A Bold Restoration Plan for the Pelican State

The Mississippi River Delta is where the muddy waters of America’s longest river connect with the warm waters of the Gulf of Mexico. It is one of this nation’s most important ecosystems for fish and wildlife—and one of its most endangered.

The delta’s wetlands, cypress forests and barrier islands were formed over thousands of years by the shifting course of the Mississippi River and its annual floods. Species that rely on the region range from alligators, sea turtles and hundreds of migrating birds.

Unfortunately this incredibly ecosystem is disappearing at an astonishing rate: roughly a football field of wetlands erodes into the Gulf every hour.

The problems facing Louisiana’s coastline have been debated for decades, but the state has never created an actionable blueprint for restoring the coast—until now, with the recent release of its coastal master plan.

The Draft 2012 State Master Plan is quite possibly the most ambitious ecosystem restoration plan ever proposed in United States history, and it is the first to lay out a comprehensive vision for how a coastal state will cope with land loss, subsidence, and sea level rise. The plan deserves strong public support.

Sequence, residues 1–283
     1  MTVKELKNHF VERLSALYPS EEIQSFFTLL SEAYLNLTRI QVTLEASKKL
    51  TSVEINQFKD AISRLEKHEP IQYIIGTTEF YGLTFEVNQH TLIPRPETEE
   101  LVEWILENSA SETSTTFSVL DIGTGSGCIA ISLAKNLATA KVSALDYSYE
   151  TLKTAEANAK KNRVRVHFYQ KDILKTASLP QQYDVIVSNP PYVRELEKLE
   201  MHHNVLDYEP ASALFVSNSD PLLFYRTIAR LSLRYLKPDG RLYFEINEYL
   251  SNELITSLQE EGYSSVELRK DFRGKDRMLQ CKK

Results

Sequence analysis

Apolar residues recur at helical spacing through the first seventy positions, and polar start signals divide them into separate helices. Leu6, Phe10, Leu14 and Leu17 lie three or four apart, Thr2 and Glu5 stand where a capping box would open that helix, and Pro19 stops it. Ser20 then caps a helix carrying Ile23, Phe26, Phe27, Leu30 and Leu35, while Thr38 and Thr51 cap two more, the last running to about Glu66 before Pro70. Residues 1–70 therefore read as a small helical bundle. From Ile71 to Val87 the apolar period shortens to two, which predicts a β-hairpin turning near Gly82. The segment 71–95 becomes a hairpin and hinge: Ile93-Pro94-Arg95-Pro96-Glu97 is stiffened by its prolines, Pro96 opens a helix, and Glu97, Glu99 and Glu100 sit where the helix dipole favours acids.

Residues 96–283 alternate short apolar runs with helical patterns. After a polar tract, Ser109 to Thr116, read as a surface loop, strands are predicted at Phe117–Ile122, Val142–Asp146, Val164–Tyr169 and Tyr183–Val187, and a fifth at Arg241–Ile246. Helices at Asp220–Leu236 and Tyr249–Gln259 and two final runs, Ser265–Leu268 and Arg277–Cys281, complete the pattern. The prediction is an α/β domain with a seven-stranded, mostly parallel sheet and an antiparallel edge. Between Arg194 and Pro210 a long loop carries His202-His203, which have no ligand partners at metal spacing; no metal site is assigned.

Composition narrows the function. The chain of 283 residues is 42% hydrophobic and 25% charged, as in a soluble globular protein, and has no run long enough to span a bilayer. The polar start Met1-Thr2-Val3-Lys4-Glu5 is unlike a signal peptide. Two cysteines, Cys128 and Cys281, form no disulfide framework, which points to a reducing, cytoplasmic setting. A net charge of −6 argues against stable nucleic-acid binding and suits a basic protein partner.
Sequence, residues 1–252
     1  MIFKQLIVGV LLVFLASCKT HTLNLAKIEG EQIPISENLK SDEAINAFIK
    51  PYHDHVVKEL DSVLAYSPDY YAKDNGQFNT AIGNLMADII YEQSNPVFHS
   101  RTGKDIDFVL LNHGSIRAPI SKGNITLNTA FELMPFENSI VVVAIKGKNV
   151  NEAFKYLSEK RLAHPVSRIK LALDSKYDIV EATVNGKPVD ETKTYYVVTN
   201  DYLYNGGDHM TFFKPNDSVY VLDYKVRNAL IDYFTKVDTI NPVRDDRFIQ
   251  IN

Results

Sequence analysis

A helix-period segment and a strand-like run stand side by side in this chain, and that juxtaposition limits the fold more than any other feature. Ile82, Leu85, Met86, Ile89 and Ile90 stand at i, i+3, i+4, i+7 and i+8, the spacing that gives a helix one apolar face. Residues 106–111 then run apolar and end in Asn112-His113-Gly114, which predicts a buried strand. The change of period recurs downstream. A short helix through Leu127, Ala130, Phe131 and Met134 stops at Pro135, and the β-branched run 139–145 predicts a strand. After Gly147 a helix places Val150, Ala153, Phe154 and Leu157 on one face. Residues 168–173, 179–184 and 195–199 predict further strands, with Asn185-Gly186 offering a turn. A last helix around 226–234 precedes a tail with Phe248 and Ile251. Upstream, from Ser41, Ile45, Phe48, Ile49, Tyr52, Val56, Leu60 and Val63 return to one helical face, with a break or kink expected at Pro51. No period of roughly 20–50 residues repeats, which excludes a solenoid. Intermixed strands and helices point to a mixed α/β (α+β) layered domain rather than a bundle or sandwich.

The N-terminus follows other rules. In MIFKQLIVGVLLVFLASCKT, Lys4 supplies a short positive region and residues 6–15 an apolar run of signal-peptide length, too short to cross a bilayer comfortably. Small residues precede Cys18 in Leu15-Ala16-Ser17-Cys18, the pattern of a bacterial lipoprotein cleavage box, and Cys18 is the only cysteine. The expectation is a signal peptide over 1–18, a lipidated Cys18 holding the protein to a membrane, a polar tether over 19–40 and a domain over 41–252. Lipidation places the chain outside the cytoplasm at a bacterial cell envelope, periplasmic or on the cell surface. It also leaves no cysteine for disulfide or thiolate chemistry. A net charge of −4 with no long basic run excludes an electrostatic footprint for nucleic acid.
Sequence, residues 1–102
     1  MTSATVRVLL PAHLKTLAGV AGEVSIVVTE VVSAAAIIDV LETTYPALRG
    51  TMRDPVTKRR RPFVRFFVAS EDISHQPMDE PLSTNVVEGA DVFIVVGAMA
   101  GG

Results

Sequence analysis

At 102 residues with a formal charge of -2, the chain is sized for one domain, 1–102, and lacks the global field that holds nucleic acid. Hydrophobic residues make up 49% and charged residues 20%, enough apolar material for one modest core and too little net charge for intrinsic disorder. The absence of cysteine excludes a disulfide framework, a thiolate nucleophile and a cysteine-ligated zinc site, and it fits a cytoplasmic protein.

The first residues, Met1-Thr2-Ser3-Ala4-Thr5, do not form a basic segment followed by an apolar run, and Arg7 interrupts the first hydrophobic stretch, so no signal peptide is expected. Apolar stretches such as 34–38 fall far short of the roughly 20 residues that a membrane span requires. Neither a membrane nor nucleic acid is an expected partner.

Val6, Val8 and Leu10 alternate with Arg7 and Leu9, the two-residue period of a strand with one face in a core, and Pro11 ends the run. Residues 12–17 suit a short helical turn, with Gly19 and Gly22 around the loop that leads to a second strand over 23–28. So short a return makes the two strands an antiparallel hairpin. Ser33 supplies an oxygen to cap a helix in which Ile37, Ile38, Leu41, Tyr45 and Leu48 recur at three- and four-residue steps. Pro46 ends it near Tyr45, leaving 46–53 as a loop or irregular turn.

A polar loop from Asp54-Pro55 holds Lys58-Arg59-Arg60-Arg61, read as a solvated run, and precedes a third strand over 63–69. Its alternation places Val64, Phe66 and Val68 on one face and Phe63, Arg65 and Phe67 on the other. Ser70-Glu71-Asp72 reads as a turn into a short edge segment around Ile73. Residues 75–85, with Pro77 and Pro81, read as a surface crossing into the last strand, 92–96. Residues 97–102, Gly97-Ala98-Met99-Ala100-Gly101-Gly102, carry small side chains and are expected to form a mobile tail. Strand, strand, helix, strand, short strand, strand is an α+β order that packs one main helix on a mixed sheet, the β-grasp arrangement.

With an expenditure of roughly a billion dollars per year–split equally between protection and restoration—Louisiana could gain between 550 and 850 square miles of coastal marshes, swamps and barrier islands while protecting coastal communities like New Orleans from hurricanes and rising sea levels.

One unprecedented aspect of the master plan is the proposal to divert half the flow of the Mississippi River back into the delta—essentially restoring the river’s capacity to build land and re-establishing a vital natural process.  Also unprecedented is the proposal to invest up to $12 billion in measures that increase community resiliency to flooding.

Louisiana’s agencies and legislators need to hear that the public supports a comprehensive science-based plan that creates new wetlands and increases hurricane protections for wildlife and people living in the coastal zone.

Louisianans can support the plan by attending one of three public meetings next week:

  • New Orleans, January 23, University of New Orleans Lindy Boggs Center (map)
  • Houma, January 24, Terrebonne Civic Center  (map)
  • Lake Charles, January 25, Lake Charles Civic Center, Contraband Room (map)

Each meeting will include an open house from 1-5:30 p.m. and a public hearing from 5:30-7:30 p.m.

Attending these meetings will ensure that the state understands the importance to the public of a bold, clear course of action to solve the coastal crisis, restoring wetlands and protecting our wildlife and communities.  The plan must provide a vision that America as a nation can rally around.  Louisiana’s future depends on it.